A person can read an average of 150-200 words per minute. Often before exams or sometimes simply due to lack of time we wish we could read a little faster. Ever wanted to know how to speed up your reading skills?
To improve you reading, but also the speed at which you read, you need to practice and read regularly. Here are a few tips that could help you. But don’t expect to read faster after just one exercise. If you are among those who regularly read, then you will not have any problem in mastering these techniques with these few simple tips.
It is very important as to where you read, how you sit, the height of the table and chairs, what the lighting is like. In general, all the important external factors may affect your concentration on what you are reading. Ensure you have adequate space for reading.
Observe the text as an image. Before you start reading, glance over the text, to note the keywords in the text. When you get at least a slight idea of what are you about to read, you will succeed to save yourself some time during the reading process.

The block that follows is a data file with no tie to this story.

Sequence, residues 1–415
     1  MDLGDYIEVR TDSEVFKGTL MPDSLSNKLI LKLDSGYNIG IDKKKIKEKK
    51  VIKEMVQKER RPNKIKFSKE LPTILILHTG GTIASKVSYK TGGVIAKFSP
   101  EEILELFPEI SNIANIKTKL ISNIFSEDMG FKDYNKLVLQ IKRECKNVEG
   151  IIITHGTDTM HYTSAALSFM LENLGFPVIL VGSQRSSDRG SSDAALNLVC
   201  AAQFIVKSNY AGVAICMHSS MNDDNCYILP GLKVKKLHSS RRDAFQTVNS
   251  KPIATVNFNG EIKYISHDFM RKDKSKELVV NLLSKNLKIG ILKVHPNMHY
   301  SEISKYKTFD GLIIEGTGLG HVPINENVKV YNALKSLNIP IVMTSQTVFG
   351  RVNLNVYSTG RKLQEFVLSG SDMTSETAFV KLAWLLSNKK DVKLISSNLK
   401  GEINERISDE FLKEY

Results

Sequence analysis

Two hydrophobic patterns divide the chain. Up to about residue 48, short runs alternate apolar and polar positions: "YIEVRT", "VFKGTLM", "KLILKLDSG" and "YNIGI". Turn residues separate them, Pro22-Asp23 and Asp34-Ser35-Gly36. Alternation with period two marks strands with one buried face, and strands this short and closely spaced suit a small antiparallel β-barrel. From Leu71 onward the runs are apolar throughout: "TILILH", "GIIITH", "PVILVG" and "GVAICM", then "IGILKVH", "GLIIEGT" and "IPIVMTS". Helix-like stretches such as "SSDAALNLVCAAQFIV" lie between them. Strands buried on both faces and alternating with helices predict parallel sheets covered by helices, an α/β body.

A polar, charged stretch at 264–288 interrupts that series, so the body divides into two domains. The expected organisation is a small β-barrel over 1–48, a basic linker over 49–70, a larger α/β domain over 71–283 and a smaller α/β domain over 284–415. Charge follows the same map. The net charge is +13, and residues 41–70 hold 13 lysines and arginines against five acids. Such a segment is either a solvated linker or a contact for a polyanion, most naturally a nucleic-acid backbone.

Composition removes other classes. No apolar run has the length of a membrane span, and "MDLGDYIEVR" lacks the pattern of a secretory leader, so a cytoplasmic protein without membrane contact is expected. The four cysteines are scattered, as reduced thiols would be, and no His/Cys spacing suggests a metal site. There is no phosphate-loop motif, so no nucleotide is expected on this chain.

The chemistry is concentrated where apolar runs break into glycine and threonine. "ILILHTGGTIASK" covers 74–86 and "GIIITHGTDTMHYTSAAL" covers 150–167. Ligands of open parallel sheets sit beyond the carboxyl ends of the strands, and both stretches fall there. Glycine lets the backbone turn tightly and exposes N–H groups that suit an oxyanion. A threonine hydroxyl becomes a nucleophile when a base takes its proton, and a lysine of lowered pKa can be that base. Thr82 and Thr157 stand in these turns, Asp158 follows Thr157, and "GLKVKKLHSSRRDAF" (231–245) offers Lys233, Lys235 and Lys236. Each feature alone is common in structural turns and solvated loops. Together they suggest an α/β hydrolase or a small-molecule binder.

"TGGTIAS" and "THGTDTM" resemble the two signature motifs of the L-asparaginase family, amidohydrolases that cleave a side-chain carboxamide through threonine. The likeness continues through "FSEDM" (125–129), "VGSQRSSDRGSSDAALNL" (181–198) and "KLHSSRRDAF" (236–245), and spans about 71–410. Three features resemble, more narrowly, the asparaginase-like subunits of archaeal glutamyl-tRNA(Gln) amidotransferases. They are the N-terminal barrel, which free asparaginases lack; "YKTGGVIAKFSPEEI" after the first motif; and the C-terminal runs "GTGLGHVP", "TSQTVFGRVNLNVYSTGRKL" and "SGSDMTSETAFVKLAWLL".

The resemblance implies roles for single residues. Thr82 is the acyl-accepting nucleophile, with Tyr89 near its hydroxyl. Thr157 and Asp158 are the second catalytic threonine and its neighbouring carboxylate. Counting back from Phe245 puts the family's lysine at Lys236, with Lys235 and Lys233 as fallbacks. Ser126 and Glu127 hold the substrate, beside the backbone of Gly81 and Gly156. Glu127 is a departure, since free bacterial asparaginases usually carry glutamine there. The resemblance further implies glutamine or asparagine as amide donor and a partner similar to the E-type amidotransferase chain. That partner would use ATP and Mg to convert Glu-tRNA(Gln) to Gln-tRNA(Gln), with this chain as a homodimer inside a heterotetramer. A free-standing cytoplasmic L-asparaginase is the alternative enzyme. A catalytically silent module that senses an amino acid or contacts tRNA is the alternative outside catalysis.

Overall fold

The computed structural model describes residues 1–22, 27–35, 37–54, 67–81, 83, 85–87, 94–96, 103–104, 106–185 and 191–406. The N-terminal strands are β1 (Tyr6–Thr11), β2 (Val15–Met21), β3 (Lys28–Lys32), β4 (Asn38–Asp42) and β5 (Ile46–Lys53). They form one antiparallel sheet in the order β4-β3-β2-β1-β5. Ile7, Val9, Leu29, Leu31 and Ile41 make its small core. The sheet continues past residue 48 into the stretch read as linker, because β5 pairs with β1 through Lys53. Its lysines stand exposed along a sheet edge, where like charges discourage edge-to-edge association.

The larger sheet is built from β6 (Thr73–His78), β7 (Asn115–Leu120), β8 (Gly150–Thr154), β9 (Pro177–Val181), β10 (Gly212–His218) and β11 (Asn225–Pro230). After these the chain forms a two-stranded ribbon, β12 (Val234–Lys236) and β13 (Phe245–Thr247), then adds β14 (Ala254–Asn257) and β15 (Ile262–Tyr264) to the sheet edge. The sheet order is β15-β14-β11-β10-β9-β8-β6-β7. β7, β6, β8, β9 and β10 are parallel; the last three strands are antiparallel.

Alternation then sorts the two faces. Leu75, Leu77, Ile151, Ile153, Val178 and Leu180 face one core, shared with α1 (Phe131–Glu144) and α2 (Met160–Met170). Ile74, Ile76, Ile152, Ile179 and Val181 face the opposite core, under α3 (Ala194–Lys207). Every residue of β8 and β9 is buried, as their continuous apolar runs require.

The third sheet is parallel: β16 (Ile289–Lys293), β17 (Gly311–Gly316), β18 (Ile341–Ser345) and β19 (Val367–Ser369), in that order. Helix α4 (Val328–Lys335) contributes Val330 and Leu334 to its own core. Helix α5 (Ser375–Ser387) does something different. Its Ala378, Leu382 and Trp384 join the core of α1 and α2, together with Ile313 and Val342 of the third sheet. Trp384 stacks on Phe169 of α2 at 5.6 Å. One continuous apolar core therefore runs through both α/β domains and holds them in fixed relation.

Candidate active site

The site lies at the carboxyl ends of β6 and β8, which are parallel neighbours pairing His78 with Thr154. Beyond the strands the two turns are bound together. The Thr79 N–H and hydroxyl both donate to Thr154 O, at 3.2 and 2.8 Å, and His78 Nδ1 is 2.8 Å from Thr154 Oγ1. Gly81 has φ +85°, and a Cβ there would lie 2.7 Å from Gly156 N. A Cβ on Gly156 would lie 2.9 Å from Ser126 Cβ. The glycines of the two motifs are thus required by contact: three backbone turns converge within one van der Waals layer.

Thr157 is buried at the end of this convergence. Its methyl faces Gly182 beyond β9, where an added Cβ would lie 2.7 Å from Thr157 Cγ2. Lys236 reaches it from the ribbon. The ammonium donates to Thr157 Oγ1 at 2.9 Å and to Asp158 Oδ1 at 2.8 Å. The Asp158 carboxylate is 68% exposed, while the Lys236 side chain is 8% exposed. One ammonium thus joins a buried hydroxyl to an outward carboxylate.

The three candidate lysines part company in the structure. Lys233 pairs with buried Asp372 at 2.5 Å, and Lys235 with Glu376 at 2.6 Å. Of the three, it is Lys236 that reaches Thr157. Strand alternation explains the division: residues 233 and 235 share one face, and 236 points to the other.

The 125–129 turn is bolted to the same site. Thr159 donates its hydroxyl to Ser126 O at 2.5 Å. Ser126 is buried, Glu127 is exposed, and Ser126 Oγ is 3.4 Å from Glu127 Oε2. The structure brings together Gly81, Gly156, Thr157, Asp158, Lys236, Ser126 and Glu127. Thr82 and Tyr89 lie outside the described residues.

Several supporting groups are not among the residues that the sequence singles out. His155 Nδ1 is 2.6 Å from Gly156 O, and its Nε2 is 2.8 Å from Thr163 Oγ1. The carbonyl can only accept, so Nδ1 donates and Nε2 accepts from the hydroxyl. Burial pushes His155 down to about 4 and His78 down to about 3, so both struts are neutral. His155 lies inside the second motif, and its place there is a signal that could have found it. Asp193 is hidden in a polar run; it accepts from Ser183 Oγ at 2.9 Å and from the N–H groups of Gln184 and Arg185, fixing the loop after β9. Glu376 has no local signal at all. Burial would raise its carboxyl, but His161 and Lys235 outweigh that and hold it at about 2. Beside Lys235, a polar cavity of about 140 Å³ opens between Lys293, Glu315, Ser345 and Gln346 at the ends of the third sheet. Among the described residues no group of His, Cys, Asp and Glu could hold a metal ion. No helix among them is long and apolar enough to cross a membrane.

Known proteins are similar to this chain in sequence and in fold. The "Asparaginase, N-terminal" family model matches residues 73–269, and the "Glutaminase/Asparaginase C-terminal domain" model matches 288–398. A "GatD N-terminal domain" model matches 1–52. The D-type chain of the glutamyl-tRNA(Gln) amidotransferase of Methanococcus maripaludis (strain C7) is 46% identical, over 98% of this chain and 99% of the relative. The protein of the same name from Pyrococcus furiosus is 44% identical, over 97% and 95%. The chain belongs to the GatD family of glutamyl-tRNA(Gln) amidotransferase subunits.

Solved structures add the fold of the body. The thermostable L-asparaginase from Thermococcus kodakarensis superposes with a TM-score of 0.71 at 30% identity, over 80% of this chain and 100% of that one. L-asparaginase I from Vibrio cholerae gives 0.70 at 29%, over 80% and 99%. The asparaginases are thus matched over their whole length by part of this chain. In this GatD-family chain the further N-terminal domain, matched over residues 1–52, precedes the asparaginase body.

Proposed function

Read the content. Content will also help you to familiarize yourself with the text, you will gain a “reading plan” which helps you to anticipate the next word or sentence.
Create a “skeleton for reading”. This technique is very useful whether the text or book has no content or the existing content is not sufficiently detailed or comprehensive. “The skeleton of reading” is an abbreviated concept of text. It also helps you to familiarize with the text before reading.
When you master the previous steps, you can try to “catch” more words at once. Do not overdo this, because it can lead to the situation that where you don’t understand what you are reading. The point is not only to read fast, but also to understand what you read.
Objects for highlighting the rows in the text can sometimes cause more trouble than be of help. A big object can block part of the text and prevent you from “scanning” the text while reading. If you think that row-keeping helps you read faster, select an object that won’t block too much of the remaining text.